10 March 2015
Late last spring of 2014, I decided to leave my job and look for “what’s next.” Right out of college, I was very lucky to work with an amazing team at a machine learning startup, which eventually became “Hunch.” I learned a ton from my coworkers and built a wide range of tools & experiences (first with a number of science experiments and later a number of pivots). It was so much fun to constantly solve new challenges, work at a super fast pace, and strive to combine machine learning with user experience.
After Hunch was acquired by eBay around Thanksgiving 2011, we seeded a new New York office that specialized in onsite recommendations (aka merchandising) and—over time—grew to take on more product focused projects. I ended up with the keys to a nascent project to drastically change the homepage, which made user curation front-and-center and was an entire web application within eBay itself. My team launched the project and went through additional iterations that involved massive data migrations, design changes that pushed the internal status quo, building extremely high capacity & resilient services, working with many remote teams, and lots of grunt work. We assembled a great group of old & new people as well as great hires too.
Ebay did a lot to treat us well, but I was eager to get back in the saddle, on a small team working to change the world. I started sending out feelers, asking for intros, and getting an idea of what was going on in NYC. Turns out there’s a ton going on here and it was really overwhelming. I learned to start using my calendar and I was keeping track of meetings in a spreadsheet—I now see why VCs have professional assistants. I also distracted myself by starting filming a music video (still needs to be finished…), playing chess in Washington Square Park (where I finally won my first game), and discovering Dominion online (a time-sink that is better avoided). Eager to work on something, I started contracting for Ringly to build their launch website.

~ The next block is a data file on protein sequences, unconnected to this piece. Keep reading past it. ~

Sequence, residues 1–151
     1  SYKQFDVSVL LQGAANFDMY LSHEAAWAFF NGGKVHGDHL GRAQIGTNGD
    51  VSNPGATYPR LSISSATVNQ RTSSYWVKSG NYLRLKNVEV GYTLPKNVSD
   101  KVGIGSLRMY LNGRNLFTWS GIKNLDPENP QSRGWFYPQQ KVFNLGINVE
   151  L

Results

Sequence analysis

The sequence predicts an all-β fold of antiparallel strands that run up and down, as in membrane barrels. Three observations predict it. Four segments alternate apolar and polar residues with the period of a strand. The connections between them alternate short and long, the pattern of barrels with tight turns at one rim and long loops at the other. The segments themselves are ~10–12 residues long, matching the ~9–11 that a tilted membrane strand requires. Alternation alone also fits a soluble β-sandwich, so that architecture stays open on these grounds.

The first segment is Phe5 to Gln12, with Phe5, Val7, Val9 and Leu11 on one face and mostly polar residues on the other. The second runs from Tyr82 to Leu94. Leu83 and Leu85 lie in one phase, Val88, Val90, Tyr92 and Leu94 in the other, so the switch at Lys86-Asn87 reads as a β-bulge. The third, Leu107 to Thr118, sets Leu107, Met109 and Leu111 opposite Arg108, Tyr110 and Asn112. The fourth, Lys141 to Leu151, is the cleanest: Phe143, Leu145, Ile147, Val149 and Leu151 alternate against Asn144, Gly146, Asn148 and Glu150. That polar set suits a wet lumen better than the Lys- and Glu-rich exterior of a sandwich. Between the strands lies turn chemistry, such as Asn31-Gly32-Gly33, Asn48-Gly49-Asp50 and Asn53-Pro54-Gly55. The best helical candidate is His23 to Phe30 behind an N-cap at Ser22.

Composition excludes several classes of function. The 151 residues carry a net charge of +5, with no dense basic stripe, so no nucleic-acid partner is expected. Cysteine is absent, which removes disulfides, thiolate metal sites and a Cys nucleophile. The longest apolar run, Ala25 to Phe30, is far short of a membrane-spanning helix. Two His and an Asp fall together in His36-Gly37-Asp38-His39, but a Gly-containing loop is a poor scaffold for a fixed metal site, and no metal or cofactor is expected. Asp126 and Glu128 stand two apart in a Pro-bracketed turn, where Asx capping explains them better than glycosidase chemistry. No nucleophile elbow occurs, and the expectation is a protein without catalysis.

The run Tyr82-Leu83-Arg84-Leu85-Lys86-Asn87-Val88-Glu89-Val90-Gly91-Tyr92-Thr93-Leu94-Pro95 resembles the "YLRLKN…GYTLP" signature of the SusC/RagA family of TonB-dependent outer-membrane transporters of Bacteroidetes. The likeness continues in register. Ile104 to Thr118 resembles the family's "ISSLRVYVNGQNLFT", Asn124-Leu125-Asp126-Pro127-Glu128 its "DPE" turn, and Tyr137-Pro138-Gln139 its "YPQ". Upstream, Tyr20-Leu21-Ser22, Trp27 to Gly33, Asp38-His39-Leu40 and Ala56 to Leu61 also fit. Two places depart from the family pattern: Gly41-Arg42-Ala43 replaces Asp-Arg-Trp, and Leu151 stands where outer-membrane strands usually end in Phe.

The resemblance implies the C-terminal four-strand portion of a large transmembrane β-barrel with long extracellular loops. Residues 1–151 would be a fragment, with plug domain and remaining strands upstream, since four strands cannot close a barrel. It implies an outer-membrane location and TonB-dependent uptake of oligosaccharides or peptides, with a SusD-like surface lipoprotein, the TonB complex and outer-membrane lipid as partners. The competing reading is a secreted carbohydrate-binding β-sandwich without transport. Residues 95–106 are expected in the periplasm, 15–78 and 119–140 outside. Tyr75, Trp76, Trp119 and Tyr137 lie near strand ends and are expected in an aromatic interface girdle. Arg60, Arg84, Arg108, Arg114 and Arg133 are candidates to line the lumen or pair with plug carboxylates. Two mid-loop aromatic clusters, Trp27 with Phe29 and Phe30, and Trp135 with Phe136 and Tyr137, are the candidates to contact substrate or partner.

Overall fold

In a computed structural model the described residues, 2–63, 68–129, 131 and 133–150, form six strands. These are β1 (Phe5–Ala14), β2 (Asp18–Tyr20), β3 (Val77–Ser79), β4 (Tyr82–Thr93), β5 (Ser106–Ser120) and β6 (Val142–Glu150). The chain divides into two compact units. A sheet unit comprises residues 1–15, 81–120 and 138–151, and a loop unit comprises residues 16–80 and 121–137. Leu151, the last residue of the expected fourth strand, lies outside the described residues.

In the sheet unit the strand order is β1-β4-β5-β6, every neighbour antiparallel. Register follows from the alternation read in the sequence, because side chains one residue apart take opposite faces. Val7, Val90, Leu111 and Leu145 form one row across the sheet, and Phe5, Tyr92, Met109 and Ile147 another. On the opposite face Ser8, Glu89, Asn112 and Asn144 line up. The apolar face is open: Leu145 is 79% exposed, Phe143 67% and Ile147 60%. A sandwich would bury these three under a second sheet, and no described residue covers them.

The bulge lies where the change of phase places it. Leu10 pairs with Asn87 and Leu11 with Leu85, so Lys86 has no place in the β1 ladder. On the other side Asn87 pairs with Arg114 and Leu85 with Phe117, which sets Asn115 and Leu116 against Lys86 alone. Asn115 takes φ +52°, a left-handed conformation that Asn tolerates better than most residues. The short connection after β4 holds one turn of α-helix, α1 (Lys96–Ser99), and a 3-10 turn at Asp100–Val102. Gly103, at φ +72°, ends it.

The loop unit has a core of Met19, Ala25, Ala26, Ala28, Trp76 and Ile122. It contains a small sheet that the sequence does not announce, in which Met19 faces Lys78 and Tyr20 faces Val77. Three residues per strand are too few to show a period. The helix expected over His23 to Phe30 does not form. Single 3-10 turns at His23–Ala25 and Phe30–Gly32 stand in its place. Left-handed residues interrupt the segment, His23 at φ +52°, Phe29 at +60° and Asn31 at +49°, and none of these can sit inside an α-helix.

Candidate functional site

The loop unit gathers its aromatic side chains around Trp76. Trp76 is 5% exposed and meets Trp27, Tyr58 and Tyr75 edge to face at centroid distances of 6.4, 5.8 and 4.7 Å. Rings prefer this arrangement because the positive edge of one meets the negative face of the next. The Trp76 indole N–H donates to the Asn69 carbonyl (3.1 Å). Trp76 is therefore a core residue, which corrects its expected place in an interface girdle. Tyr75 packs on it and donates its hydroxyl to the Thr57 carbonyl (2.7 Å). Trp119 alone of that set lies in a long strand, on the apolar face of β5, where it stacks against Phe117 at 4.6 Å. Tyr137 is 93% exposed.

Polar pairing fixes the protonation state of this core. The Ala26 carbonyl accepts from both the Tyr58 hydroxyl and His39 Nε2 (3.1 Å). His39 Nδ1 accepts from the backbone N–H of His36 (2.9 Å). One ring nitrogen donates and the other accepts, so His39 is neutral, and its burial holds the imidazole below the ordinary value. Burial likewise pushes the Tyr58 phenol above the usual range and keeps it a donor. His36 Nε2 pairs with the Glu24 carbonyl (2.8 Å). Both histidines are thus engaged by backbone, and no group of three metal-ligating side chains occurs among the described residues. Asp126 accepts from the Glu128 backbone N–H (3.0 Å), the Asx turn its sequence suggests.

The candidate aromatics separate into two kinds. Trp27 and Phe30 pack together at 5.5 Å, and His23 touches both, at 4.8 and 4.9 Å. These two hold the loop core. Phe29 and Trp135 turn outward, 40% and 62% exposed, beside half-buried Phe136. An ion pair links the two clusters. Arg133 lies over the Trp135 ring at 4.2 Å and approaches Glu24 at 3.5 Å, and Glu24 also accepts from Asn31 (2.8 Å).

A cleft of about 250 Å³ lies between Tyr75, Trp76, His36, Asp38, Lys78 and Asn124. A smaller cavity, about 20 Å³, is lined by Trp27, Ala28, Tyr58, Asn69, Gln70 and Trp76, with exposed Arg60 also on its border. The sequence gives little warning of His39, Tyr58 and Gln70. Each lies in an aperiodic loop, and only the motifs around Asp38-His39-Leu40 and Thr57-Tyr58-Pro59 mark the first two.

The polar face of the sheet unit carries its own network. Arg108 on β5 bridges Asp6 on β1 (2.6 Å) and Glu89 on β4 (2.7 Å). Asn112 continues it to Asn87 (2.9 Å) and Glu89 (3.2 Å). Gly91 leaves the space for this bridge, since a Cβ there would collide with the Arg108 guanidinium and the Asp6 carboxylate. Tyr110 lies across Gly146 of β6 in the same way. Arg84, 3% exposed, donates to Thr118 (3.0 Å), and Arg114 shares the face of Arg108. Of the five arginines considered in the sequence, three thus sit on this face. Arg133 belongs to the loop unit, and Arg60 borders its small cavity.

ingly was started by my friend, Christina Mercando. I got to work with her at Hunch, where she ran product for the last year and change. She was a real powerhouse and also brought a really discerning eye to anything she worked on. While the engineers were building a “Taste Graph,” she was responsible for making sure our product had taste. She also was at eBay after the acquisition, but left a year before me to scratch an itch that turned into a company. The itch was this recurring problem of constantly missing important phone calls, texts, or other notifications from family and friends while she was out. Furthermore, she was unwilling to solve the problem by leaving her phone out all the time—folding to such a solution is rude and makes one a slave to her phone. She wanted to make a “smart ring” that would let her know when important notifications were coming through and let her enjoy the real world, stress-free the rest of the time.
Turns out it is extremely hard to make a simple sounding idea like this work, but she had already raised seed funding, found a cofounder with Logan Munro (a classmate of mine back at MIT), assembled a talented small team (some who were previous Hunch folks), and was ready to start putting rings on pre-order online. In the time that had passed since she started, “wearables” had become a commonplace term in tech, but still not widely “worn.” More so, a wearable that was focused on social & notifications and fashion-first was completely missing. (Btw, the logo is a Venn diagram of fashion intersecting with technology.)
Building out the website, launching it, and seeing the first orders stream in was really exhilarating. Approaching the end of the summer, I was still only contracting and I was enamored with a number of companies from my startup search, but—right around the announcement of the Apple Watch—I decided to join Ringly to head up software. I knew the team was outstanding. I knew the company would have taste and vision. I knew hardware was difficult, but the amazing hardware folks already had made great progress beyond what others said would be possible in such a demanding form factor. I also knew that I could integrate a layer of software into the product that would be critical to the whole experience, and that we would be building a full stack startup that owned hardware, software, jewelry design, product, and brand.
Over half a year later, I’ve been wearing a Ringly everyday, and despite not being the target demographic—I love it! It’s amazing how I no longer get distracted by meaningless notifications, how quickly I catch critical texts from friends or my wife when on the go, and how I no longer miss meetings. Also, the discreetness of no screen to pull me out of the real world is wonderful. We also raised a series A fundraising with our awesome investors—led by Andreessen-Horowitz—and the team has been growing with truly astounding hires. We are only getting started. I can’t wait to bring the future of this product to the world. If you’re interested in joining our team, please check out our jobs page or email jobs -at- ringly -dot- com.